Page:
Results: This can be a very strong-looking length, but it can also feel very vulnerable right next to your heart. It’s a length that either says, “I’m not fooling around, get out of my way,” or else, “Be gentle, I’m sensitive.” How you style it makes all the difference. Button collars and v-necks are problematic for this length, you will always be flapping them aside, or adjusting something. This length is best with high collars, boat necks, or a princess or crew. Jackets will frame this even better for that Jackie Onassis sort of pop.

 

Bandeau Length:  20 inches (50 cm) Place your finger on your breastbone as above and find the point at which your second knuckle hits you below it. This should be the spot where, if you wrapped a towel around you just out of the shower, the top of the towel would hit. It’s not in the cleavage, but it hovers above the cleavage.

Results:  As you can imagine, the bandeau draws the eye to a lady’s assets. It also becomes a very workaday length that plays well with almost any neckline.If you’re looking for a Goldilocks neckline (not to high, not too low) this is it. The bandeau can drape around and outside of a princess neckline or a buttoned collar, which is a particularly Wall Street sort of look without the sleaze of a mini-series. It can be very conservative, nerves of steel, I’m all business. Or it can be a little come hither kind of thing, with a low V-neck, a very open collar (3 or more buttons undone) or  draped over a cowl or higher neck. This length says, I’m out on the town, let’s have dinner and then maybe dessert?

 

Cleavage Length: 22 to 24 inches (56 to 61 cm) Put your finger in between your, um, girls. Or where they would be. Or where, if you wore an underwire bra, the wires would come together just there. Also known as “matinee” length, but I’m not sure what sort of matinees one is meant to attend. The cleavage length is, outside of the choker, the most daring of necklaces. It takes a VERY low neckline and guts to wear this.

Results:  Here’s the problem with any other than a plunging neckline with the cleavage length. If you have any bumps at all on your chest, your shirt, blouse, tank top, chemise, bustier, will be pulled tight across your chest, and the necklace will never ever sit right. It is meant to nestle right in the center. If you are flat enough, it will look stunning and you can thumb your nose as you wear any and everything with this length like a young Russian Princess with a killer strand of pearls knotted right at the cleavage, and it will always hang right. If you are not of that ilk, you will need to drop that neckline like it’s hot, but it can work very well with a fitted bra top if you’re not up to the full Monty.

 

No-Fly Zone: 26 – 29 inches (66 to 76 cm) Again, unless you are quite flat, anything in these lengths will be lost in the undercling of your decolletage, with the necklace swinging around in space and finding no purchase. And be mindful of bulky pendants in these longer lengths unless you want to look like you’ve won a medal. Even lighter strands can be hazardous at this length. You bend over, the thing swings out, gets caught on something like a chair leg or doorknob and wowza! Your neck gets jerked downward and beads fly everywhere!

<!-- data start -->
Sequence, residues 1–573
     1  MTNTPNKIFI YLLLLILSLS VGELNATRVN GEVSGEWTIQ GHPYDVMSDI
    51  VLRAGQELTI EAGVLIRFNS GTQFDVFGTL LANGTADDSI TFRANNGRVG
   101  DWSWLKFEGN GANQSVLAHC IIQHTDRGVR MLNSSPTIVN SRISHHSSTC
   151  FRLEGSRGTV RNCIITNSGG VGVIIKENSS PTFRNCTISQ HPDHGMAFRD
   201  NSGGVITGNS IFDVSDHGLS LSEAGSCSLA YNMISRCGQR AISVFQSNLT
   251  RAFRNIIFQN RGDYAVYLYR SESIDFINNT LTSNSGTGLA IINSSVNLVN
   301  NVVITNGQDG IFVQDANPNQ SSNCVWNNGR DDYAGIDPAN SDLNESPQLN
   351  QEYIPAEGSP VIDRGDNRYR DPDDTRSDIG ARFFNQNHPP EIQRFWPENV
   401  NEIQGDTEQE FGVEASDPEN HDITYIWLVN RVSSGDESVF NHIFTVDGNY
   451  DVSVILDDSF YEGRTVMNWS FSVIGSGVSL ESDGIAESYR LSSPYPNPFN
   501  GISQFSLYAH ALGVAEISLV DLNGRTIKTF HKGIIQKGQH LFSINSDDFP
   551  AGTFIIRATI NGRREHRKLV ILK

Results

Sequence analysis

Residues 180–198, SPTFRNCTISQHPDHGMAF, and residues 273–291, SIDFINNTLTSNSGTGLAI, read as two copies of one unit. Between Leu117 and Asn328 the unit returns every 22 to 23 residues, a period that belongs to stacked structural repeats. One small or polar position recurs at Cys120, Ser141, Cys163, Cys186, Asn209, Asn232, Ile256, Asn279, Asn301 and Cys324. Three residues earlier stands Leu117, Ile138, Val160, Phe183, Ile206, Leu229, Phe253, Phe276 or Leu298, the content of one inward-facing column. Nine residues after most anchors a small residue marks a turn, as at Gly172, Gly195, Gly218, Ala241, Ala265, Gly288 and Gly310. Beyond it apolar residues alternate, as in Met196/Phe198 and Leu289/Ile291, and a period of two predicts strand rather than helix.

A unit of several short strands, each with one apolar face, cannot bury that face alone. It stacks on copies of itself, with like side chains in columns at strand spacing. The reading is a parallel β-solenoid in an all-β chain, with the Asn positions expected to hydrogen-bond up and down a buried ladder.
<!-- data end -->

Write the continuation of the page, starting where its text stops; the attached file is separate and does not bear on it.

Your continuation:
Diaphragm Length:  30 – 34 inches (76 to 86 cm) Tighten your abdomen as if coughing and place your finger at the top center, in the center of where the bottom of your ribcage sits. This is a dramatic length, sometimes called “opera” length, but can be very cool with the right outfit.

Results: This length will either say, “I am an old Victorian lady in mourning” or “I am such a badass I can wear a really long necklace.” The diaphragm is the mack daddy of necklaces. It’s go big or go home. The long necklace can be fringy, sexy, pearly, drapy, frivolous or serious. It can absolutely crank up a little back dress like something out of the British New Wave. It used to say something about how many gems and precious metals a woman could afford. But this length can also be a staid, classic hit that can outline a waist, enhance a bodice, or finish off a very polished look like Beyonce in shirred silk tux.

 

Belly Button Length or Super Long: 36 inches or more (92 cm) Sometimes called “rope” length, this length hits you at or right above the waist. It can be dangerous and dark or footloose and fancy free..

Results:  For a super long necklace we must think boho, gypsy, or perhaps Golden Age debutante. The belly button is meant primarily for occasions where 1) you are in a smooth fronted dress 2) you have no jacket or coat with buttons to contend with 3) the most active you plan on is some light waltzing and holding a champagne glass and 4) you won’t be sitting down much until you get into your limo. So, the belly button (or beyond!) makes a spectacular statement, and if you can pull it off, you can do anything from Kwakuitl Shaman to Greta Garbo as an Italian opera star.